Published Jan 24 2016, by

A Conversation With Our New Curator: Dr. Qing Chang

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How did you become interested in becoming a curator? 

Curatorial works can provide me prouder moments of achievement, compared with my teaching work. When I complete an exhibition, my feeling is similar to that of publishing a book. You know how people feel when they publish a book.

 

How did you become specifically interested in Chinese Buddhist art history, Chinese painting, and Chinese religions?

When I was a high school student, I wanted to become an artist, and for this purpose, I had practiced Chinese painting and Western drawing for 13 years since I was five years old. However, my father, an artist, did not allow me to become an artist. Then I had to select archaeology as my major, which was my second interest. In the areas of archaeology, I prefer Buddhist art and painting history because they are closer to my former first interest to become an artist.

I believe that there is a close relationship between art and emotion, and emotional or aesthetic responses to art can be regarded as the keystone to experiencing art. 

When thinking about art what time period is your favorite? Why?

Medieval period (5th-14th centuries), because this is the peak of Asian traditional culture and art, and the golden age of Chinese Buddhist art.

 

What are some of your favorite exhibitions you have seen in the United States and internationally? Why?

One favorite is Golden Age of Chinese Archaeology, 1999, at National Gallery of Art and others. This is a large exhibition covering many wonderful periods in Chinese history from third century BCE to tenth century CE, with many masterpieces. Some masterpieces I had no chance to see in China, but saw them in DC.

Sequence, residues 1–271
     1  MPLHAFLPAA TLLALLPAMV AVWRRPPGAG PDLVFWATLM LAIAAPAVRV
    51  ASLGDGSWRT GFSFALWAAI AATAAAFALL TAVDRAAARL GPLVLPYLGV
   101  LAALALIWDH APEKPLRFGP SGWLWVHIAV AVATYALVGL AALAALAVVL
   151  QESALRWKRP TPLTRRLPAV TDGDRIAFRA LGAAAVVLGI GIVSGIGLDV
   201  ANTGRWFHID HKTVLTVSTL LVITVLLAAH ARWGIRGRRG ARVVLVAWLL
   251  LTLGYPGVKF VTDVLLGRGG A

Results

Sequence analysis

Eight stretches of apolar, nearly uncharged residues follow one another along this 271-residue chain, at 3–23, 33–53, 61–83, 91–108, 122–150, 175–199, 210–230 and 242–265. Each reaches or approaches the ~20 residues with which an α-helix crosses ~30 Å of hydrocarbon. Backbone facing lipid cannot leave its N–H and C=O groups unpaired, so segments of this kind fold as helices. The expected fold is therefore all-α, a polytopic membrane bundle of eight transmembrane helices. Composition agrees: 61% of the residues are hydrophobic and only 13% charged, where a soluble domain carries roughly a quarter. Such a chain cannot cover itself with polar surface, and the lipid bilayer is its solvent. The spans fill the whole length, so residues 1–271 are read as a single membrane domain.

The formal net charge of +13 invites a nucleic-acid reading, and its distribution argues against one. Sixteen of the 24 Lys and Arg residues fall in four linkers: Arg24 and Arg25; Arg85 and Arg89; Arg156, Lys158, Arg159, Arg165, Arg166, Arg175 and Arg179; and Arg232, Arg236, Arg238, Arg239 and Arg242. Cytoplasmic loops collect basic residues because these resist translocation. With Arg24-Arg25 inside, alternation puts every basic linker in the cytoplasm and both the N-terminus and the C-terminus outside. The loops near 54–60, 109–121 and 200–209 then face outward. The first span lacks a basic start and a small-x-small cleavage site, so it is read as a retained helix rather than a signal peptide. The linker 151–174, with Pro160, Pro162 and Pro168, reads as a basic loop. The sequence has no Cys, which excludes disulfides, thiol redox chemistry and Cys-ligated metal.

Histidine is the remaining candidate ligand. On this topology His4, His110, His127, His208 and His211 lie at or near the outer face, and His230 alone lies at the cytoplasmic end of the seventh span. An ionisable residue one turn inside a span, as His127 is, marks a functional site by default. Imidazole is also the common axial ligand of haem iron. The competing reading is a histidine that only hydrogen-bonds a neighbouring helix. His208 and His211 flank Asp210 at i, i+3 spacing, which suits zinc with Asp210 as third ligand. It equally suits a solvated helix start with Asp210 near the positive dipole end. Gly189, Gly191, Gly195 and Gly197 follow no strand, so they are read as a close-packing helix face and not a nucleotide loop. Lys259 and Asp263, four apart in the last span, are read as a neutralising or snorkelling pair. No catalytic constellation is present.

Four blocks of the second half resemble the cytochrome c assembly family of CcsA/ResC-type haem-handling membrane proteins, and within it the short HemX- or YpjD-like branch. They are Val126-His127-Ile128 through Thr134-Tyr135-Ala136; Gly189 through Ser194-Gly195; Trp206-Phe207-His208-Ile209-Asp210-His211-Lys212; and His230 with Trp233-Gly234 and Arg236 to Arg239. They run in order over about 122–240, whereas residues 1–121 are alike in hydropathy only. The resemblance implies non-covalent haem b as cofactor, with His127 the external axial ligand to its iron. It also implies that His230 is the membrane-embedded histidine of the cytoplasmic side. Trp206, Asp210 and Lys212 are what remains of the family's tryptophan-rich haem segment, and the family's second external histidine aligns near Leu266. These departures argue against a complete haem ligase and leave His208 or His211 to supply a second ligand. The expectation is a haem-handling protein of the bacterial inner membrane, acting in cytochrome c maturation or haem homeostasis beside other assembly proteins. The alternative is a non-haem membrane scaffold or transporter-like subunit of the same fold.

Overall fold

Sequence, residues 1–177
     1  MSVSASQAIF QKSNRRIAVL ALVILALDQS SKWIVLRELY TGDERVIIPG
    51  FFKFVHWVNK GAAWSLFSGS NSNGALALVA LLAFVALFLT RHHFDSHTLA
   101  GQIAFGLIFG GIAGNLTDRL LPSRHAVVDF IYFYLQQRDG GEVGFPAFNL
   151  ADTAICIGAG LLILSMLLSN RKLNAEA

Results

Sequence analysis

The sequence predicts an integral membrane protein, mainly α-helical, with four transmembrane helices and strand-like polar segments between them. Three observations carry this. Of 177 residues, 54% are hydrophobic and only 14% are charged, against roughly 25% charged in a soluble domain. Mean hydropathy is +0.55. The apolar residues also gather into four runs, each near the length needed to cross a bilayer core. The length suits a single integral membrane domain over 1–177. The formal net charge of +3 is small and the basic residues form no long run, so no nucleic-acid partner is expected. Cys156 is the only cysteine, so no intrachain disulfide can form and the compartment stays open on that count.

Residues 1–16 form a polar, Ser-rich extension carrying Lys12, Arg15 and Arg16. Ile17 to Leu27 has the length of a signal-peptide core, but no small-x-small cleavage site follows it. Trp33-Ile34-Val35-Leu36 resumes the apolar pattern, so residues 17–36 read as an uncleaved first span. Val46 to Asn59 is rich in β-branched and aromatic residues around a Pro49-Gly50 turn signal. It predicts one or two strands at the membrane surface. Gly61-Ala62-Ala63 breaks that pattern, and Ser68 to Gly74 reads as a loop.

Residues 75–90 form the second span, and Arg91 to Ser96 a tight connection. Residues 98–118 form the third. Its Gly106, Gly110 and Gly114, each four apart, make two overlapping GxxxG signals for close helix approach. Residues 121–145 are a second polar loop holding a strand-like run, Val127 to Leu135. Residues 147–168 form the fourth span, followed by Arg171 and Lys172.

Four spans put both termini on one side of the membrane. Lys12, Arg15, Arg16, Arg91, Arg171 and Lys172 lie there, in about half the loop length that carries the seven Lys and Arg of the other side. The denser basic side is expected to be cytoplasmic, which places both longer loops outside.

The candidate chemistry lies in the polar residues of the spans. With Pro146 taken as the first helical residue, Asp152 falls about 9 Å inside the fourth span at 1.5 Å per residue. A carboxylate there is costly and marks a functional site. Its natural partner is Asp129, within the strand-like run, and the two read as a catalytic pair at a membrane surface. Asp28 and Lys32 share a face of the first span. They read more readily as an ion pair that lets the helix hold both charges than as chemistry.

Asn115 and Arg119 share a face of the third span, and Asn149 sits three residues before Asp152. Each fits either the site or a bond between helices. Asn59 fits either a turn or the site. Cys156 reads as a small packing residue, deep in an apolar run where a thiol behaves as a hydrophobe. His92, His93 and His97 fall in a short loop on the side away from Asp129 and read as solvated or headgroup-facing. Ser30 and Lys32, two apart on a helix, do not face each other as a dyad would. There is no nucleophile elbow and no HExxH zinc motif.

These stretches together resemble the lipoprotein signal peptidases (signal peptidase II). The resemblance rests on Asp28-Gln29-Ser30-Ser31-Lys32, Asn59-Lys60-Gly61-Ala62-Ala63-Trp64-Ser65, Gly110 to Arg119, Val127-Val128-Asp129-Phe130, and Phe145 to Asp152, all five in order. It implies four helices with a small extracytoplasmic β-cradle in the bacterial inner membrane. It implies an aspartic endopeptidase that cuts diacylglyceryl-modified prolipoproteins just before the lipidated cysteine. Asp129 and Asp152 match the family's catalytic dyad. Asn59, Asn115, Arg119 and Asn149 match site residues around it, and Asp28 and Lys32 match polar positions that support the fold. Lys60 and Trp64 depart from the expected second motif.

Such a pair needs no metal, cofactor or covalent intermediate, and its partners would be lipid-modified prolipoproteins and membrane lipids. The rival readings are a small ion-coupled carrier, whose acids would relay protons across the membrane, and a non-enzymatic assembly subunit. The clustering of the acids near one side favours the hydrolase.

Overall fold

Another was the exhibition on Yuan dynasty (1271-1368) art, in 2009 or 2010, at the Metropolitan Museum of Art. This exhibition displayed many wonderful pieces discovered from the period of the Mongol’s rule in China, from different cultures, because the Mongols ruled large regions with numerous cultures. One can see the cultural exchanges and communications among different peoples from the Mongol’s period in the exhibition.

 

In your opinion, how is art connected to the wellness of an individual or of society at large?

I believe that there is a close relationship between art and emotion, and emotional or aesthetic responses to art can be regarded as the keystone to experiencing art. The creation of an emotional experience could be treated as the purpose of some artistic expressions. Therefore, appreciation of art could improve the healthy emotion of an individual, and the harmonious atmosphere of a society.

 

Why is it important to have the Crow Collection of Asian Art in Dallas?

Asian art can be served as an influential way to improve diverse cultures and arts in the United States. Dallas is a very special large city with wonderful diverse cultures, with growing populations of people of Hispanic and Asian descent. It is necessary to introduce Asian cultures and arts to all people, especially the cultures and arts from their home countries. With a wonderful Asian art collection, the Crow contributes greatly to Asian communities and the diverse cultures of Dallas.